Book Review: The Book of Cthulhu

Book Review: The Book of Cthulhu edited by Ross E Lockhart

Fantasy and horror author H.P. Lovecraft wasn’t a big seller during his lifetime, but the loose setting he created of the Cthulhu Mythos, where humans are only the most recent inhabitants of a cold and chaotic universe, and many of the previous inhabitants are effectively gods, has become one of the most popular sub-genres of horror literature.  The twenty-seven stories in this volume are by second- and third-generation Lovecraftian writers.

The Book of Cthulhu

There’s an encouraging variety of protagonists; professors and prostitutes, hitmen and clergymen.  Some of them are from ethnic groups HPL would never have made the heroes of his stories.  There’s a variety of tones as well.  Of course there’s a number that are straight up creepy horror, but there’s also noir-ish crime fiction and deadpan penny dreadful humor.

The volume opens with “Andromeda Among the Stones” by Caitlín R. Kiernan.  A family guards a gate off the Northern California coast; but only one of them was truly born for the job.  I found the story rather slight, and one of the weaker ones in the collection.

The closing story is “The Men from Porlock” by Laird Barron.  Seven lumberjacks go hunting in the Pacific Northwest.  Not all of them are going to be returning.  This one makes good use of escalating creepiness, culminating in a scene where a monster makes its menace particularly personal.

Oldest story honors go to Ramsey Campbell’s “The Tugging” from 1976.  An art critic in a small British city is having disturbing dreams about Atlantis, which may tie into a comet with unusual gravitation behavior.  I’ve read this one before, and it’s interesting as an unintentional period piece.  I remember in my youth paging through great bound volumes of yellowing newsprint as the protagonist does here, instead of scrolling through microfilm, or today’s scanned files.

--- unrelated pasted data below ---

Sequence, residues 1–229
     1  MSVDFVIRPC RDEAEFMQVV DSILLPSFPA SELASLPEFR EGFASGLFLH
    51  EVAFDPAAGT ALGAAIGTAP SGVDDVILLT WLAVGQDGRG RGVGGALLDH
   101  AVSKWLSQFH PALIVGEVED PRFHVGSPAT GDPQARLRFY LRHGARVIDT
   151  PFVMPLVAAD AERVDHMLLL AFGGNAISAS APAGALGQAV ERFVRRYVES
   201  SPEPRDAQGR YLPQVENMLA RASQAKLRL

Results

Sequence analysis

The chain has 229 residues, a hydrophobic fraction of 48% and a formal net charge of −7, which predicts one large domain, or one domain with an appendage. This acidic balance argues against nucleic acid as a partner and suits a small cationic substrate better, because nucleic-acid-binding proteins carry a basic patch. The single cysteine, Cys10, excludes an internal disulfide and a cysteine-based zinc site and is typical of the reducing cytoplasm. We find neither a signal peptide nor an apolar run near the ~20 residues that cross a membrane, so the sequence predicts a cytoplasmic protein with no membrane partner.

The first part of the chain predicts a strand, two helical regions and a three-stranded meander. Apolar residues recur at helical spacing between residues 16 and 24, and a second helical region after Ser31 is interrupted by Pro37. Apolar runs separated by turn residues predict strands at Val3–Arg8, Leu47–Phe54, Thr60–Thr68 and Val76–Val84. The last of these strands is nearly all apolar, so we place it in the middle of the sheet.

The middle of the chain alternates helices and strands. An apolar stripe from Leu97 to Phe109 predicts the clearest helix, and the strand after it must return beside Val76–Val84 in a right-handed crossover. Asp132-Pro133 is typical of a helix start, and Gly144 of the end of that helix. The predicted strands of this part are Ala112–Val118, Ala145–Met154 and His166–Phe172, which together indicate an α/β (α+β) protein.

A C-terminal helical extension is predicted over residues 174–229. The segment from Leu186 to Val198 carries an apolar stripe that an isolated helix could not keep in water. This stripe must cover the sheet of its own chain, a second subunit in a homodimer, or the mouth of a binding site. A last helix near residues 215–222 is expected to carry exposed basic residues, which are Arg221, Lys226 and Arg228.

“Black Man with a Horn” by T.E.D. Klein is one of the editor’s favorites, according to the introduction (which is perhaps a little too generous to Lovecraft’s writing skills.)  An elderly writer who was a friend of HPL in his youth meets a missionary returning from Malaysia.  Over the course of time, the writer learns that at least one thing written by Lovecraft may be uncomfortably close to reality.  It is a good story, told well.

I also particularly enjoyed “Lord of the Land” by Gene Wolfe.  A Nebraskan teacher is collecting oral history in the Appalachian region.  An old man tells him about seeing the “soul sucker”, which seems like a tall tale at first…but it’s actually a warning.  This one held my attention fast.

Overall, this is a strong collection with many creepy stories and some marquee writers like Elizabeth Bear, Joe R. Lansdale and David Drake.  I should mention that one story features incest and marital rape.  Recommended to fans of the Lovecraftian type of horror.

Comic Book Review: King of Crooks

Comic Book Review: King of Crooks by Jerry Siegel, Ted Cowan & Reg Bunn

King of Crooks

A master safecracker is surrounded by the police after a job gone wrong, when a mysterious man in black offers him safety and wealth, in exchange for his absolute obedience.  This is the Spider (no relation), a master criminal of great strength and cunning.  He’s putting together a gang to steal a million dollars in uncut diamonds  Soon, he has also recruited a criminal inventor and acquired a permanent enemy in police detectives Peter Gilmore and Bob Trask.

The adventures of the Spider started in 1965, in the pages of the British comic paper, Lion.  His background was never explained, especially not his resemblance to Black Adam.  Mutant?  Alien?  Brilliant misanthrope driven to crime by his unfortunate appearance?  Never revealed.  After the first storyline, the emphasis shifted from the Spider committing crimes as such, to his competition with other, lesser criminals who challenged him for supremacy.   This became even more obvious when Jerry Siegel (as in Superman) took over the writing chores.

Being somewhat of a megalomaniac, the Spider lived in a castle he’d had brought over from Europe, and tended to announce his goals in public (while keeping the actual plan a secret.)  He seldom killed, preferring to have his victims suffer the humiliation of defeat while still alive.

This volume collects the first three storylines.  The art is serviceable, though clearly rushed in places (this was a weekly serial, after all.)  The writing is also typical of the boys’ comics of the time.  Some nice moments of the Spider demonstrating his wrath, though, and the Mirror Man is a memorable character.

This book is mostly of interest as a historical curiosity, unless you grew up reading the Spider in the pages of Lion.

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